In this video, we'll talk about one of my favorite Mental Math tricks doubling and halving. The logic of the dividing by 5 trick talked about in the last video suggests a more general and more widely applicable trick. Suppose we need to multiply say, 16 times 35. Now that would be a little bit challenging to do in your head without a calculator, 16 times 35.

But of course, we know that 16 is a times 2. We could take that factor of two away from the eight and give it to the thirty five. So 16 times 35, of course, that's 8 times 2 times 35. And imagine we group in it a different. Of course, we can group multiplication in any order we want that technically known as the associative property.

So we can group that as 8 times 2 times 35. Well, 2 times 35 is 70. Well, all right. Well, now this is something I can do in my head. So you should be very comfortable with your one digit multiplication table. So 8 times 7 is 56.

You should be comfortable with practicing your one digit multiplication table, so that much is obvious. Well, if 8 times 7 is 56, we just tack an extra 0 on it, that would be 560. So this entire thing, I can do in my head very easily. Because I stole a factor of two away from 16 and gave it to 35. Think about what happened there.

One factor lost a factor of two and the other factor gained a factor of two. In other words, a factor was halved divided by 2 and the other was doubled multiply by 2. But the product remains the same and that kind of makes sense. That if we divide 1 factor by 2 and multiply the other factor by 2, that those will cancel and you'll still have the same product.

In any multiplication, we can always double one factor and find half of the other and the product will still be the same. When would it be advantageous to employ this trick? Well, if one factor ends in five or ends in fifty, doubling it would produce a round number, produce a nice multiple of ten or a multiple of hundred. It, conceivably, you could even have something ending in 500 and then if you multiply, doubled it, it would be ending in, in, would be a multiple of 1000.

So that's what you are looking for, especially when one of the factors ends in five or ends in fifty. As long as the other number is even, then we can take half of it and we make it smaller and the number that ends in five or fifty will become a round number. So then we are multiplying a smaller number times a round number and it's always an easy, considerably easier.

So for example, if we have to do 84 times 50. We'll doing that straight multiplication, that would be relatively challenging. Instead, what's half of 84? Obviously, half of 84 is 30, 42. So, and then we'll double 50. 50 doubled is 100.

Well, 42 times 100, I can do that in my head very easily. That's just 4200. If you practice this trick, you can get quite quick with it. Here's some practice problems. Pause the video and then we'll talk about this. Okay.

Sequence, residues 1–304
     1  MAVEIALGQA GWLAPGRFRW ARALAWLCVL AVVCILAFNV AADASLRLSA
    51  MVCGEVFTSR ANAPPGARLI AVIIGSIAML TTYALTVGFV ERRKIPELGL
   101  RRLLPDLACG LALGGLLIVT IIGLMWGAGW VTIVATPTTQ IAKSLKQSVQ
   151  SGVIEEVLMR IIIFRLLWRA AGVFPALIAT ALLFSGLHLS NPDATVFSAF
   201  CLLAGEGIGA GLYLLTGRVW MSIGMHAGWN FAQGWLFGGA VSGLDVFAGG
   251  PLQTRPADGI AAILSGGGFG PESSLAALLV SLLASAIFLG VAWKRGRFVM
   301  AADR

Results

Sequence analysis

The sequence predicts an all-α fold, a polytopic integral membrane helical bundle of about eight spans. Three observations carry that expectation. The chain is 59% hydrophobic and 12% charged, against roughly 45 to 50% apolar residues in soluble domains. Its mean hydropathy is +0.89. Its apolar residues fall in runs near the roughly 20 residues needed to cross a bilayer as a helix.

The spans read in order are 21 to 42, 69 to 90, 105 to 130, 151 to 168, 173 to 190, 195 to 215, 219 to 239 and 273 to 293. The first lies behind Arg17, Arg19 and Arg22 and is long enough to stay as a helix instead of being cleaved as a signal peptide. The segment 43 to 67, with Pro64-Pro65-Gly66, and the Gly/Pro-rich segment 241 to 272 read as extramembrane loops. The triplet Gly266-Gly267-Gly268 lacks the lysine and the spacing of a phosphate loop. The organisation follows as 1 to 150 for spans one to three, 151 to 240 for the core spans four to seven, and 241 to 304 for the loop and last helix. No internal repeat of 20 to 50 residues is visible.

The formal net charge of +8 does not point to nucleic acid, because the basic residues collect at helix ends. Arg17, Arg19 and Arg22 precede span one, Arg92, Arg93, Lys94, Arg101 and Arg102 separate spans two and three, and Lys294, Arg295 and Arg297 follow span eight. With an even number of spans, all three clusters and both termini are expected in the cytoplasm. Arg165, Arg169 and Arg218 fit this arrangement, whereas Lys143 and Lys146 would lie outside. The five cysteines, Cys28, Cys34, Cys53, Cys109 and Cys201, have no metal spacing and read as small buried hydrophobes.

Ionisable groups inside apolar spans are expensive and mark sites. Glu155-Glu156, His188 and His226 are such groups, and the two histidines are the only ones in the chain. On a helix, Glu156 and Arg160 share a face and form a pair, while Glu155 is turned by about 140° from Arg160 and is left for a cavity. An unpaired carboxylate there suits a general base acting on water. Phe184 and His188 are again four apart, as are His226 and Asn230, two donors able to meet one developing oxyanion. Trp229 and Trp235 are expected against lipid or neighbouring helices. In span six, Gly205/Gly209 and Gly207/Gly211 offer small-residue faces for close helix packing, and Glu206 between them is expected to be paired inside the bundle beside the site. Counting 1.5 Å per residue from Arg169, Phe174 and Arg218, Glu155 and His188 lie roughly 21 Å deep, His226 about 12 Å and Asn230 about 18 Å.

That first one. 260 times 15. Well, the 15, I'd like to double that. So 260 half of that would be 130 and 15 doubled would be 30. So, I get 130 times 30. And I'm just gonna separate this out to 13 times 3 times 10 times 10 and then the 13 times 3.

Again, this is the kind of simple multiple, simple mental math, you know, one digit number times a low two digit number. That's something you should be able to do in your head. 13 times 3, that's 39 and then just tack on two zeros and we get 3900, that's the answer. 56, 25.

Well, we'd like to double that 25. So divide 56 by 2, that's 28 times 50. Well, now we have something ending in 50, so we'll do mental math again. We'll, we'll double and halve again. Half of 28 is 14. Double the 50 is 100.

14 times 100 is 1400. Very easy to do in your head. 24 times 75, same thing. Half of 24, double 75. I get 12 times 150. Let's do it again.

Half of 12 is 6. Double of 150 is 300. And then 6 times 300, well, 6 times 3 is 18, so this will be 1800. Once again, this trick might feel a little anti-intuitive when you are first using it, but the more you practice it, the quicker you will become with it.

When you can perform doubling and halving calculations quickly and efficiently on the test, seemingly difficult calculations will be done in seconds. As I am sure you can appreciate, every second that you can save on the Quant section is absolutely golden. Very important to have as many time saving strategies as possible on the Quant section of the test.

In summary, in any product, we always have the option of finding half of one factor and doubling the other. This does not result in a change of product. When doubling one number or, when doubling one number will make it a round number, a multiple of ten or hundred, then doubling that number and halving the other can enormously simplify the calculation.